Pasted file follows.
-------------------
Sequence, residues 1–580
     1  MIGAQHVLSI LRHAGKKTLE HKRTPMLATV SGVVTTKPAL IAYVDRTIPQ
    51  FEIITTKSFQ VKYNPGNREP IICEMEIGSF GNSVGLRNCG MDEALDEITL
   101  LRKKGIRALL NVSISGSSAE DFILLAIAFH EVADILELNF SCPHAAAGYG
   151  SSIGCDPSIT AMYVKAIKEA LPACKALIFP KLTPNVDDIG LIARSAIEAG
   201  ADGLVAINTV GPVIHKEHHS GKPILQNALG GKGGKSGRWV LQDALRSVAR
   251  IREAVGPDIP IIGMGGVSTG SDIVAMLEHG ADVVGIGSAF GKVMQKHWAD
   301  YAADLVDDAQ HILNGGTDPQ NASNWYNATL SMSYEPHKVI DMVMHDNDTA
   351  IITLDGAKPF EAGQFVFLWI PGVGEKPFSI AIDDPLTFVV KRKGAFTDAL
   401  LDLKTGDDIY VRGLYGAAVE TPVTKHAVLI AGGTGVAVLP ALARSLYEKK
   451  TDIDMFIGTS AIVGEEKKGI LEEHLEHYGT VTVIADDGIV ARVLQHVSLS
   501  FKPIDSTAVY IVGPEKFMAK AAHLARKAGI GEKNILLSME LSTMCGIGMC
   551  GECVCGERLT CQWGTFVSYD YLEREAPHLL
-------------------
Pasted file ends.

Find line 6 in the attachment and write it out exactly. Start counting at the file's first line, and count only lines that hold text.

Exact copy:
   201  ADGLVAINTV GPVIHKEHHS GKPILQNALG GKGGKSGRWV LQDALRSVAR